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Psychol Aging. 1997 Sep;12(3):458-72.

Profiles of psychological functioning in the old and oldest old.

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  • 1Center for Psychology and Human Development, Max Planck Institute for Human Development and Education, Berlin, Germany.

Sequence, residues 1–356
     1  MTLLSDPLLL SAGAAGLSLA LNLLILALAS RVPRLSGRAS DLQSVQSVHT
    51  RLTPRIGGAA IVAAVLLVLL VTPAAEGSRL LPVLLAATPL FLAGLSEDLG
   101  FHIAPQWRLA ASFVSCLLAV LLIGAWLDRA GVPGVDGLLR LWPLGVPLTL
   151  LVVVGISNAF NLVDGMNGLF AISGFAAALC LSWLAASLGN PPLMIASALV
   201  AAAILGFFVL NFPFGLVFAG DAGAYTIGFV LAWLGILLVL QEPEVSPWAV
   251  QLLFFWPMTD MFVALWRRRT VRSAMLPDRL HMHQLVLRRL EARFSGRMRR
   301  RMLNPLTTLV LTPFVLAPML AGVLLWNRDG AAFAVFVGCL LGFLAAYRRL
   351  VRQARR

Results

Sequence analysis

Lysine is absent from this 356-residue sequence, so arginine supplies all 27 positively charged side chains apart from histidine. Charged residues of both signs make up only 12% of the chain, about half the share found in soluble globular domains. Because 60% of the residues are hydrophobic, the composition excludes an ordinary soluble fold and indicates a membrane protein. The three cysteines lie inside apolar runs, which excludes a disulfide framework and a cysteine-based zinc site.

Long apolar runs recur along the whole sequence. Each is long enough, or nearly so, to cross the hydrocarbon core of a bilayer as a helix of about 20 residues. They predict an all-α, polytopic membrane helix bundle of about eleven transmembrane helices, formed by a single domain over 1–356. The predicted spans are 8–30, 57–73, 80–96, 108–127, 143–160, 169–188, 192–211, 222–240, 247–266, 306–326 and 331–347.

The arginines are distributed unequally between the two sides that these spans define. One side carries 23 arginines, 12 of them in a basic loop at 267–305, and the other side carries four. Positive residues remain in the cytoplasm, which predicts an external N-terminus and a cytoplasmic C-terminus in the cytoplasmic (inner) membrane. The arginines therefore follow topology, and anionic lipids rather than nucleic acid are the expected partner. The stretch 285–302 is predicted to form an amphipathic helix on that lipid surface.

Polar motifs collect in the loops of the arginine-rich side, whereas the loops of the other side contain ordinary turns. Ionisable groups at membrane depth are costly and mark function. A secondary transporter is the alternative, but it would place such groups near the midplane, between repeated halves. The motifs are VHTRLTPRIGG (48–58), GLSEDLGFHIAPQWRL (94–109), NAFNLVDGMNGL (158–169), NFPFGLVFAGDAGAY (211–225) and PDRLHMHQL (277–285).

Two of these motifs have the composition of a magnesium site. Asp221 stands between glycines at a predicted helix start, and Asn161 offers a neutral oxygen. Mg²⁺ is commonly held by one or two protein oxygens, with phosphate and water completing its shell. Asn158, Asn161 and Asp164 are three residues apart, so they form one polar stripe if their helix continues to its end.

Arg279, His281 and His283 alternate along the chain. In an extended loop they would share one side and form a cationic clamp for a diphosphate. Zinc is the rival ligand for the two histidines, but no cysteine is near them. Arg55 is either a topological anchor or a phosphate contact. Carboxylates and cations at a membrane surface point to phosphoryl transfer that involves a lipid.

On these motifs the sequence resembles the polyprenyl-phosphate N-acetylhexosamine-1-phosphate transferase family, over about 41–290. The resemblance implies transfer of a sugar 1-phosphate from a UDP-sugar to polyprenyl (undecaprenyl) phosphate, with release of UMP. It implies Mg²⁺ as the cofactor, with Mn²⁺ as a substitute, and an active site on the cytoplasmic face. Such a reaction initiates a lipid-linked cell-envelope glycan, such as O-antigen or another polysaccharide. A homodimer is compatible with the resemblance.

Cluster analysis was applied to 12 measures of intellectual, personality, self-related, and social functioning collected in the 1st cross-sectional wave of the Berlin Aging Study (BASE; N = 516). Central questions concerned the number, profile desirability (functional status), and the membership of the subgroups obtained. Of the 9 subgroups extracted, 4 reflected different patterns of desirable functioning (47% of the sample), and 5 reflected less desirable functioning (53%). Relative risk of a less desirable profile was 2.5 times higher for the oldest old (85-103 years) than for people between the ages of 70-84 years and was 1.25 times higher for women compared with men. Relationships with education, health, and mortality suggested underlying systemic differences. Consistent with theoretical propositions about a "4th age" and the incomplete architecture of life span development (P.B. Baltes, 1997) the oldest old appear to have a distinct and less desirable psychological profile.

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